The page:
WATERBURY — The Greater Waterbury Campership Fund is off to a promising start for the new year with donations already coming in, including a third installment from the Elsie R. Mannweiler Trust that was a major source of revenue in 2020.
The 2021 campaign has not yet officially kicked off but donations are accepted year-round, and new contributions have reached $52,664 in a scant 10 days since the calendar proclaimed 2021.
Formerly of Woodbury, Mannweiler, 100, had been a resident of The Watermark at East Hill senior living facility in Southbury for 14 years until her passing in November 2019. A divorcee who never remarried, she was predeceased by a son years ago.
An astute follower of the stock market and savvy with finances, Mannweiler had built up her assets and was a generous contributor to area charities. The Campership Fund was notified last spring that her trust was forwarding significant donations to the program. In April $71,072 came in, and a second installment of $34,761 later followed; last week the anticipated third donation, for $51,884, was made.
All together, the Mannweiler Trust has accounted for a generous $157,717 in revenues for the Campership Fund over the past 10 months.
The pandemic-curtailed 2020 camping season had 72 underprivileged children from Greater Waterbury attending outdoor facilities throughout the state at a cost of $36,646 for tuition.
The Campership Fund’s all-volunteer board of directors will decide this winter how the surplus funding remaining from the $208,778 that came in last year will be disbursed in the program.
“With vaccines and under distribution, we hope more children can enjoy the benefits of summer camp this year,” said Campership Fund President Anne Karolyi, managing editor of the Republican-American and The Sunday Republican. “Regardless, all money donated for tuition will always go toward summer camp tuition at some point.”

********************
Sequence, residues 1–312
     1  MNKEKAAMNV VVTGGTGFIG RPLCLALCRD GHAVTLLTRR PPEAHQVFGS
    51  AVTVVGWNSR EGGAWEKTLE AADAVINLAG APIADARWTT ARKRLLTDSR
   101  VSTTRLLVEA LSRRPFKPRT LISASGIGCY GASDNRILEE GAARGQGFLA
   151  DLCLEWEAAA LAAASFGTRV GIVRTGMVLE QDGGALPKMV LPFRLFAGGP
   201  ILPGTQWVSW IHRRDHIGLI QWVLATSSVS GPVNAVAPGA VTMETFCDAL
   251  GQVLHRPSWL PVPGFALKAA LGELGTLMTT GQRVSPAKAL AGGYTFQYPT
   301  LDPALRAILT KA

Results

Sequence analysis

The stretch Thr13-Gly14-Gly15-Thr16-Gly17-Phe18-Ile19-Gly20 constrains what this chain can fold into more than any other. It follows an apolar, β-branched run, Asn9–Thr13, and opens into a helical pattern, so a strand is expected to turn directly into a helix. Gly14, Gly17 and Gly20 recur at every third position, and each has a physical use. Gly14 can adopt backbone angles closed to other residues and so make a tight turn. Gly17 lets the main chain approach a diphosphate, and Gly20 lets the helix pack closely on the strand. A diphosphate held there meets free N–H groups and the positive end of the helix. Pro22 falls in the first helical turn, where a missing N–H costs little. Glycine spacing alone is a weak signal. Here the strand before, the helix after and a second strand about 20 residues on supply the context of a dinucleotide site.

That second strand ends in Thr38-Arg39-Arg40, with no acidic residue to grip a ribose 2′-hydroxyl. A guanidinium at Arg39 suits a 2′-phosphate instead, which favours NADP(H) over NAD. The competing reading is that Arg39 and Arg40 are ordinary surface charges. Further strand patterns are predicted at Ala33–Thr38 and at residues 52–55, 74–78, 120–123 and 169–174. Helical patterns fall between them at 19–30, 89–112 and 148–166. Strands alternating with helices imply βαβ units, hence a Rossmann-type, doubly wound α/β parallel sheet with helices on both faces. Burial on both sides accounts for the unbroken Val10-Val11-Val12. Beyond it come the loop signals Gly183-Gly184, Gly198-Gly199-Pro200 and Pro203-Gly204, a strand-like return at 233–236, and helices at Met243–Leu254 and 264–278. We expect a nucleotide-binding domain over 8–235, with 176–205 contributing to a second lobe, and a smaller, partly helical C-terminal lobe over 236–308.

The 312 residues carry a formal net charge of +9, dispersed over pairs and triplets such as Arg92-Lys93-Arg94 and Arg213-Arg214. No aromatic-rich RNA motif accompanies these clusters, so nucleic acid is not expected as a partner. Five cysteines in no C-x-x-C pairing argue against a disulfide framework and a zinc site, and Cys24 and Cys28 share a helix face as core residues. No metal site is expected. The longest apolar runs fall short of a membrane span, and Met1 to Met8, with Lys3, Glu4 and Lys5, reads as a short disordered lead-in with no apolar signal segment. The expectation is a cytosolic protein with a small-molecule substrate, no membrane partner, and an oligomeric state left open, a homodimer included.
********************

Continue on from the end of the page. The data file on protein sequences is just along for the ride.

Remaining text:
The Campership Fund, a 501(c) 3, is mandated to adhere to guidelines of no salaries for the board and no expenses, with every penny raised going to the cost of sending children to camp.
Philanthropic entities or sources like the Mannweiler Trust, large and small businesses, civic groups and church organizations, schools and clubs — and of course caring individuals — combine annually to keep the money stream flowing so kids, many from urban settings, can have a week of thrilling summertime experiences at camp.
The Campership Fund board and its many helpers are hopeful fun events that were canceled in 2020, including the Big Green Truck Pizza party and solicitation night at the Palace Theater in Waterbury, are among those that make triumphant returns later in 2021, although it’s too early to tell as the state remains locked under a COVID-19 surge.
Families who receive SNAP benefits or meet federal poverty guidelines, and with children ages 5 to 18, living in Bethlehem, Cheshire, Middlebury, Prospect, Southbury, Thomaston, Waterbury, Watertown, Wolcott and Woodbury, are eligible to apply.
The United Way of Greater Waterbury handles the application, screening and eligibility processes for the Campership Fund.
Donations are accepted year round as there is no down time for the program. Contributions may be sent to Greater Waterbury Campership Fund, 389 Meadow St., Waterbury, CT 06722.
Donations recently received for $52,664.23 included:
• Elsie R. Mannweiler Trust, Woodbury, $51,884.23
• Thomas and Patricia Pietrini, Southbury, in memory of Rachael Pietrini Kline, $500
• Anonymous, Bethlehem, in honor of Tommy Valuckas and his articles each week on Campership in The Sunday Republican, $200
• United Church of Christ, Southbury, $80